What can you do if you think your human rights, or the rights of someone you know have been breached or violated in a healthcare setting?

Examples of Rights in Action:


Using Art.3: The right to be free from torture or inhuman or degrading treatment or punishment.

What is inhuman treatment? Inhuman treatment or punishment includes: serious physical assaults, psychological interrogation, inhuman detention conditions or restraints, failing to give medical treatment or taking it away from a person with a serious illness, threatening to torture someone, if the threat is real and immediate.

Case Study:
A young man with mental health problems was placed in residential care. During a visit, his parents noticed unexplained bruising on his body. They raised the issue with managers at the home, but their concerns were dismissed. They were also told that they were no longer allowed to visit their son. The parents approached the home and raised their son’s right not to be treated in an inhuman and degrading way and their right to respect for family life. As a result, the ban on their visits was revoked and an investigation carried out into the bruising on the son’s body.



Using Art. 8: The right to respect for private and family life

The courts have interpreted the concept of ‘private life’ in a very broad way. It covers things like your right to choose your sexual identity, your lifestyle, and the way you look and dress. It also includes your right to control who sees and touches your body. For example, this means that public authorities cannot do things like leave you undressed in a busy ward, or take a blood sample without your permission. The concept of private life also covers your right to develop your personality and to develop friendships and other relationships. This includes a right to participate in essential economic, social, cultural and recreational activities of the community.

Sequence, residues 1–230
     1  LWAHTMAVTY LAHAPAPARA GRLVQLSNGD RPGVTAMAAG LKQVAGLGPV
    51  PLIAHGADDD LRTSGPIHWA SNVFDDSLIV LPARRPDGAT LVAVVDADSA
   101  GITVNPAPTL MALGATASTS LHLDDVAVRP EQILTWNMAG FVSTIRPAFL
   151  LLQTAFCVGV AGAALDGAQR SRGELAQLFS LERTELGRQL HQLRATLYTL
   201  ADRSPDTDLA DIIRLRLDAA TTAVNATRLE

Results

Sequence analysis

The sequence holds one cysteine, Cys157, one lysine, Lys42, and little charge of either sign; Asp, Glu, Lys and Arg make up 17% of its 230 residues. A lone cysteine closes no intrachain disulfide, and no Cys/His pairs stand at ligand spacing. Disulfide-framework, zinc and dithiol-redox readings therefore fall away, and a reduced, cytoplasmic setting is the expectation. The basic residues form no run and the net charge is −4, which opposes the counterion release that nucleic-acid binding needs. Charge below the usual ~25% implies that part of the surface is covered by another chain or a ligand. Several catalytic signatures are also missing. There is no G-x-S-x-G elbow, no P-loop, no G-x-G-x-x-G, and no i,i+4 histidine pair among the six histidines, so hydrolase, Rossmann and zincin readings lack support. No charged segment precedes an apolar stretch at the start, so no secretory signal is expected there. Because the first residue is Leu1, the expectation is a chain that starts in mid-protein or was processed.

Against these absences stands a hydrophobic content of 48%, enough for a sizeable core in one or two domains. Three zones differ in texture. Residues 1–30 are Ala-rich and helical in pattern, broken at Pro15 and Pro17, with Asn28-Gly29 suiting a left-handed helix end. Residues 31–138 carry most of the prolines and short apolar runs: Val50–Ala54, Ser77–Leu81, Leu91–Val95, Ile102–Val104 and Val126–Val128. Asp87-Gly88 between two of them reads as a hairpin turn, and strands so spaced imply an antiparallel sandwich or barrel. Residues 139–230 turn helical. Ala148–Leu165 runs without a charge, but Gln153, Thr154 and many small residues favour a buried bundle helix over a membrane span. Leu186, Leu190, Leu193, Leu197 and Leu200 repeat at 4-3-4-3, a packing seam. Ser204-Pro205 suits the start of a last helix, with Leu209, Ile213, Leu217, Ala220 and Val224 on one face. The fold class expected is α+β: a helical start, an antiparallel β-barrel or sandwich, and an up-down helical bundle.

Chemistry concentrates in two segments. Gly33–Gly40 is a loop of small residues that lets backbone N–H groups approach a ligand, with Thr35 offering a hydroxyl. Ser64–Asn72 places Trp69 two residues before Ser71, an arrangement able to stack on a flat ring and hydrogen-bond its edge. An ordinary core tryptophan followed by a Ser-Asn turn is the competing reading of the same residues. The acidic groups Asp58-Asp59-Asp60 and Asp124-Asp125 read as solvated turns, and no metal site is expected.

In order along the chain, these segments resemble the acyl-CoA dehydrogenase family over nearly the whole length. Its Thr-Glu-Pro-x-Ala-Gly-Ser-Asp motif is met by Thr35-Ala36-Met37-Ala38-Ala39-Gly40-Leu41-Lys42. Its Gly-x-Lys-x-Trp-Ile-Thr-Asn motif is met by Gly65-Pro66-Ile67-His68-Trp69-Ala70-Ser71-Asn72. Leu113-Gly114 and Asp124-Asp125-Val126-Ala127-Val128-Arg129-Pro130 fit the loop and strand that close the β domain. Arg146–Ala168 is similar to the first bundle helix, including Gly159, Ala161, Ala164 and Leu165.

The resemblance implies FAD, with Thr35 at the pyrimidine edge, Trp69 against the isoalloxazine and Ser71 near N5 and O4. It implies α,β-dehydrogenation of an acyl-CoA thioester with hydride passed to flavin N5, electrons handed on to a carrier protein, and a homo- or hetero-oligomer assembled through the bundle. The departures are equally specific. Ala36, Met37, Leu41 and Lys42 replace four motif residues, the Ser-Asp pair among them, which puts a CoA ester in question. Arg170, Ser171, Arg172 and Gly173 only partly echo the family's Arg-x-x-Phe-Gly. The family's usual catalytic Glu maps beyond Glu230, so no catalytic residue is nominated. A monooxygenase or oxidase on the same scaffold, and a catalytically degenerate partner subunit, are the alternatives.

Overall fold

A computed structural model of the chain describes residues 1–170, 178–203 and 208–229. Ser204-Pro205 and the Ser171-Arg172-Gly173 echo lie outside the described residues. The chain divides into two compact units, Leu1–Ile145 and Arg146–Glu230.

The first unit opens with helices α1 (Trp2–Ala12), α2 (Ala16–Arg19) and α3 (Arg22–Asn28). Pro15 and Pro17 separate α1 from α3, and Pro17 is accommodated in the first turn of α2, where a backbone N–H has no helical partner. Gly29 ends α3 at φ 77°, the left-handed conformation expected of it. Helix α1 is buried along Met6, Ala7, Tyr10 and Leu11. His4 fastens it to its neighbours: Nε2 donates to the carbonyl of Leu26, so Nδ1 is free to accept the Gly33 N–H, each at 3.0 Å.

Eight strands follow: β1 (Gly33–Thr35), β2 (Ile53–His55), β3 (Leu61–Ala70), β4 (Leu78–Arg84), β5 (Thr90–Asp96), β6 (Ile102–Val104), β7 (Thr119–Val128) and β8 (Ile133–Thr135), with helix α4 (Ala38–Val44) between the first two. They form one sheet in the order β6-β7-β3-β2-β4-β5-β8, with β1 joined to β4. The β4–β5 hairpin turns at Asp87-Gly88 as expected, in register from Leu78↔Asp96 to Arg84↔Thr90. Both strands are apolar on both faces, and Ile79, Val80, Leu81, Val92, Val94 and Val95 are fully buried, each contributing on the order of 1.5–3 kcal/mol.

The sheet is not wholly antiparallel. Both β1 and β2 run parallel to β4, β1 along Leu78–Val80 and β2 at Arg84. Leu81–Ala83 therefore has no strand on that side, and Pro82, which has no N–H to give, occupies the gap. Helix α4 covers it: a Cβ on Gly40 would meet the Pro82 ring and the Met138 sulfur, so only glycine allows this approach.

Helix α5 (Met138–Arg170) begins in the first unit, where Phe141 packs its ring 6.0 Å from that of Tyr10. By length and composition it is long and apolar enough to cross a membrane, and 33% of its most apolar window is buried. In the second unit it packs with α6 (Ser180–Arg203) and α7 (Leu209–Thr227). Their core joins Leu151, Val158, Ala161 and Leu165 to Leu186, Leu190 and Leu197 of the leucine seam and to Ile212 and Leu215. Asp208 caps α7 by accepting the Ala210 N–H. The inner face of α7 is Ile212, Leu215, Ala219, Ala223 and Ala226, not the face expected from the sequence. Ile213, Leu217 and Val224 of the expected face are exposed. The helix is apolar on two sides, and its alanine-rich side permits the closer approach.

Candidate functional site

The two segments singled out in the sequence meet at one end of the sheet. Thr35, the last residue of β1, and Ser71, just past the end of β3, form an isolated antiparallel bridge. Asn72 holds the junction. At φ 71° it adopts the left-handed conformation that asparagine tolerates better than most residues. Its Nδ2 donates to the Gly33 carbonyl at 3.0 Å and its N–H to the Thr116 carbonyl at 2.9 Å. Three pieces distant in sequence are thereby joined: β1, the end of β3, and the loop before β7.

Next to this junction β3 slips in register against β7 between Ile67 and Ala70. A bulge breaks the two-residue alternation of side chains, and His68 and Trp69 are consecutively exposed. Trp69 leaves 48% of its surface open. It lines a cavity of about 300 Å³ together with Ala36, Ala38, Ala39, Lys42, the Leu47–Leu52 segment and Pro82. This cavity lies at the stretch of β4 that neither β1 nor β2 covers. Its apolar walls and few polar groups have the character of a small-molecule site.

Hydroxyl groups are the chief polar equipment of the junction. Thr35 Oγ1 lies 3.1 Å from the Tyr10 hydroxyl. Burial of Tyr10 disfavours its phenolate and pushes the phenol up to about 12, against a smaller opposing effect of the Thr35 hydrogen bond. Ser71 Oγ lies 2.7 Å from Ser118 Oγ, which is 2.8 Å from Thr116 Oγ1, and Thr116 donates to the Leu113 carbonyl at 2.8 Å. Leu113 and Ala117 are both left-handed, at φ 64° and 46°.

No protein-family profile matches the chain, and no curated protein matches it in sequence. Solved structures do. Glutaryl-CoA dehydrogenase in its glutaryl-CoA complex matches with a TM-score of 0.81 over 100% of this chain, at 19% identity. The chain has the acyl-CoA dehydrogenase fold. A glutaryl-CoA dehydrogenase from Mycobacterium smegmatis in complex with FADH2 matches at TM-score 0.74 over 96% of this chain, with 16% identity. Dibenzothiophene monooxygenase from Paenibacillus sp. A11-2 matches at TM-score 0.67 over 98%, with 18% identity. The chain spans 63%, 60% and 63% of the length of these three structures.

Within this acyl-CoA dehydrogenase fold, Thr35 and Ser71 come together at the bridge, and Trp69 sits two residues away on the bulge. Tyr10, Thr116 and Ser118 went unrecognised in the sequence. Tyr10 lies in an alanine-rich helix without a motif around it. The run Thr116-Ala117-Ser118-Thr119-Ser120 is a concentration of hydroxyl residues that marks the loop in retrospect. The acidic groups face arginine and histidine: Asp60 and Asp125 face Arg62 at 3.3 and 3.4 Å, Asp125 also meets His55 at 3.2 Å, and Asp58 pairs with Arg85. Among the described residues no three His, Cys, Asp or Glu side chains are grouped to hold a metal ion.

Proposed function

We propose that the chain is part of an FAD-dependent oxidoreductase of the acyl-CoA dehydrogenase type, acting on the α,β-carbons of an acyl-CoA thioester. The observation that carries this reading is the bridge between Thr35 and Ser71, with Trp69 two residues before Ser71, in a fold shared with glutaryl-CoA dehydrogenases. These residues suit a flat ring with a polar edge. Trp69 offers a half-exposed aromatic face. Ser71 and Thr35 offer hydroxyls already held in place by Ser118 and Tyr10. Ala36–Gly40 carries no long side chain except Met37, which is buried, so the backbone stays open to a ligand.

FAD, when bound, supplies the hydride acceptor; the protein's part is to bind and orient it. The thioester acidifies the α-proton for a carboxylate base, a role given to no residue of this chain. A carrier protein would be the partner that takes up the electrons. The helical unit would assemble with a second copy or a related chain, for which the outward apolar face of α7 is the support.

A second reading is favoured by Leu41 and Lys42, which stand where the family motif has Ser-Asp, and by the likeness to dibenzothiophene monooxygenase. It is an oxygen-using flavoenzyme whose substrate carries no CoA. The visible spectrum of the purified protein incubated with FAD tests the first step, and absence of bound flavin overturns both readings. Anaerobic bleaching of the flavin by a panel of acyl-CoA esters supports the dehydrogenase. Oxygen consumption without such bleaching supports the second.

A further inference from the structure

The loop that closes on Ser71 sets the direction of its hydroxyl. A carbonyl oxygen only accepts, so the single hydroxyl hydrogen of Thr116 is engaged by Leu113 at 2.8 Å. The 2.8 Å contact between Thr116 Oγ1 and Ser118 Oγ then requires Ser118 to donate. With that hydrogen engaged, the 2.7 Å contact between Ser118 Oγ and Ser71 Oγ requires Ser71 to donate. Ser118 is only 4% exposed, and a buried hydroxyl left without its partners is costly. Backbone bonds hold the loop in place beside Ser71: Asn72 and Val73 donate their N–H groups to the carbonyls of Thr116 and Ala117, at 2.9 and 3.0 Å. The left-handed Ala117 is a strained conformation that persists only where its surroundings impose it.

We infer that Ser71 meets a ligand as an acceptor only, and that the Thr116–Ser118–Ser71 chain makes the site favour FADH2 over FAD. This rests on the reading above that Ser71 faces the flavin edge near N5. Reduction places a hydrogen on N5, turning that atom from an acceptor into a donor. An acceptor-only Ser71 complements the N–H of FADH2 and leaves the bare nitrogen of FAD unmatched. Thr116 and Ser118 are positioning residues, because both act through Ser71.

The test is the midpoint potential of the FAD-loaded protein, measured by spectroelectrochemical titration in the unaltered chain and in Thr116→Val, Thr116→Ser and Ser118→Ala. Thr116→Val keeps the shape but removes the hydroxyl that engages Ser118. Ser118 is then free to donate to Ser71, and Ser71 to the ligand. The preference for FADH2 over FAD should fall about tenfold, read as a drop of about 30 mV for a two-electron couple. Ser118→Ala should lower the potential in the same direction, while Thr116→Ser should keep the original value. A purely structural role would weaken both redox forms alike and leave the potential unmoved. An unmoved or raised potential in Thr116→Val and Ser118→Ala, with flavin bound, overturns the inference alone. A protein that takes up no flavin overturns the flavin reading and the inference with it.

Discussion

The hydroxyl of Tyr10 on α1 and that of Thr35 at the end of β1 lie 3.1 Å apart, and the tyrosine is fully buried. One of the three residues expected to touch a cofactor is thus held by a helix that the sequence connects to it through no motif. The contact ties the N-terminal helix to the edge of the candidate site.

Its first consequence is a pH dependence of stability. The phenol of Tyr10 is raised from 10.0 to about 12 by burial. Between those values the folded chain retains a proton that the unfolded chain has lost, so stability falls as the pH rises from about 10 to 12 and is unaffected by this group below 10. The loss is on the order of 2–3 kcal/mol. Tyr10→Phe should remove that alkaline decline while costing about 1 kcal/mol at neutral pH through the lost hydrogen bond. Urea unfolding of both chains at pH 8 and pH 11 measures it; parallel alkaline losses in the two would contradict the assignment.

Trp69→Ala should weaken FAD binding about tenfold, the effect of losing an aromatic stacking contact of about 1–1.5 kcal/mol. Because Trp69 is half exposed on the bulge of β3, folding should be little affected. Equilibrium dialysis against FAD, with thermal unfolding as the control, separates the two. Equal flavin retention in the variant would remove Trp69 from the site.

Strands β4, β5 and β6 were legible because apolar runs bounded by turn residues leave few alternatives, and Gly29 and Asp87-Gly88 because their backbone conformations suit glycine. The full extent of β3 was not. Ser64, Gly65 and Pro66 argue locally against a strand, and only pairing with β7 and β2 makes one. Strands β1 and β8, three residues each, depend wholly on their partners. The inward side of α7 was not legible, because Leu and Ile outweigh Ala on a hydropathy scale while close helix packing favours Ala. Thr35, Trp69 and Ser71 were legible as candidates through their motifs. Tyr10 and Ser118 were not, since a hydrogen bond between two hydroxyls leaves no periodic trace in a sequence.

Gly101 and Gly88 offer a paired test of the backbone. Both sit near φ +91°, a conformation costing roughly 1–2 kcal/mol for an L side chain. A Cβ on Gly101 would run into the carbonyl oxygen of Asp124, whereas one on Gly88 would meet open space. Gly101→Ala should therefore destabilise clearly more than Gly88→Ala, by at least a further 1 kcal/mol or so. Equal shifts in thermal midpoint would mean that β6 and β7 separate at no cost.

Case Study:
Rachel Gunter (by her litigation friend and father Edwin Gunter) v South Western Staffordshire Primary Care Trust (2005)

A disabled woman who required 24 hour care wanted to be cared for at home with her family, through an extensive care package. However, her local Primary Care Trust (PCT) wanted to place her in residential care due to the high cost of home care, and because of the higher quality of care in the residential care home in the event of a crisis. The High Court found that the PCT had not properly considered the impact of this on her family life. They had not taken into account her improved quality of life at home, or her own wishes to be placed at home. The PCT was therefore told to remake their decision, taking her right to respect for her family life into account.


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